These truffles are incredibly easy to make and delicious! Full of white chocolate, ground nuts, and a hint of rum, they are festive and can be made ahead and kept in the refrigerator or frozen. You can easily vary the booze and the type of nuts to your personal preference.
Originally published in Jan 2013, these post has been updated with text and images to serve you better. The recipe remains the same.
I've been making these for years and they never disappoint! Smooth and easy to make, they're great for holiday gatherings, cocktails, or as a sweet treat with coffee after a dinner party.
What are white chocolate truffles?
They are small chocolate balls with a smooth texture, made by melting chocolate (any type) with cream and chilling the mixture first before forming the truffles. They can have different add-ins, flavorings, and coatings.
The fact that they can be frozen or refrigerated for several days makes them convenient, and end-of-year baking is hectic, we do need simple recipes that can be made ahead.
There are three ingredients that can be varied: the type of nuts, the liqueur, and the coating. They will allow you to have different truffles from one mixture.
- White chocolate: any white baking chocolate works but I like to use melting chocolate because it melts more easily. You can buy it online, Merckens coating melting wafers or Ghirardelli white melting wafers. I don't recommend white chocolate chips as they don't tend to melt well.
- Nuts: any nut can be used. I am partial to macadamia nuts, walnuts, or pecans when it comes to combining with white chocolate.
- Cream: heavy, whipping, or double cream, they all work.
- Rum: any type of rum works, though gold or spiced are better in my opinion because they are mellower. I use Captain Morgan spiced rum. Also, a rum essence or emulsion works, like LorAnn Rum baking emulsion or Cook's pure rum extract.
- Vanilla: I always use pure vanilla extract or paste when available, but vanilla essence (artificially flavored) also works well if that's what you normally prefer.
The method is extremely easy and, since the truffles are coated in coconut, you don't have to worry about dipping them in melted chocolate, which is more laborious.
- Making the ganache: the recipe starts with a simple white chocolate ganache that involves adding very hot cream to the chocolate (image 1) and stirring it until it's smooth and shiny (image 3).
- Chopped chocolate: make sure it's finely chopped, especially if it's not melting chocolate. The cream is a very small amount so the finer the chocolate the quicker it will melt and mix before the cream loses temperature.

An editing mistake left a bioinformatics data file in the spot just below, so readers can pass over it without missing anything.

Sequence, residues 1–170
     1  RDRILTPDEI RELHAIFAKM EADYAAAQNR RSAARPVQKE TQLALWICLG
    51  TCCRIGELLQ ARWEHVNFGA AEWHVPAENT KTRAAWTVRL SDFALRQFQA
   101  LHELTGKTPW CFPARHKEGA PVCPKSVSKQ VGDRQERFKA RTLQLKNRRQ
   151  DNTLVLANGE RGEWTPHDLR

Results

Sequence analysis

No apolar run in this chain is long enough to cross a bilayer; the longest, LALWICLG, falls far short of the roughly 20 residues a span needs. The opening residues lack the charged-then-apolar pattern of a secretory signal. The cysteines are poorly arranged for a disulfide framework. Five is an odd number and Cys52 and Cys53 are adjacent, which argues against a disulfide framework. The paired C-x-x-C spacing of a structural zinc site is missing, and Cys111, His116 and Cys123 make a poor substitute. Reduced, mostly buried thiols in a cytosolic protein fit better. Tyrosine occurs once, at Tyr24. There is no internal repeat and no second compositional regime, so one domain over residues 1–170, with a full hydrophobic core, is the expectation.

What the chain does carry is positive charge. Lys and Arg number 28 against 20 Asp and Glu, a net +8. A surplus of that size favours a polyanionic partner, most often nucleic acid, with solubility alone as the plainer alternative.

- Mixing: as you stir it will look like there's just not enough cream to melt the chocolate well, but it will. At first, it will look thick and the chocolate pieces will be large (image 2). But it will eventually be completely smooth.
- What if it doesn't melt completely? You can use the microwave (make sure the bowl is fit for it) and use 5-10 second spurts and mixing after each one until it melts completely.
- Adding the nuts and liquor: ground walnuts and rum are added to the chocolate mixture (image 4). The mixture will be thick but not enough to form the truffles. So it needs to be chilled for several hours.
Coating the truffles
There are several ways to finish the truffles, but this recipe is a super simple one so we use shredded coconut or sprinkles. It pairs very well with the rest of the flavors without overpowering them.
- Unsweetened shredded coconut: I don't recommend using sweetened coconut unless you like very sweet desserts.
- Sprinkles: they are a great option to change the color depending on the holiday or celebration. We use silver for Christmas and pastel colors for Easter.
- Cookie scoop: it's the easiest way to make uniformly medium-sized balls.
- Shallow bowl: use it to roll the truffles in the coconut and then transfer them to a plate or serving dish.
- Organization: always read the recipe first and make sure you have all the ingredients, at the right temperatures, and also the rest of the equipment and space to make it. This will make the process so much easier!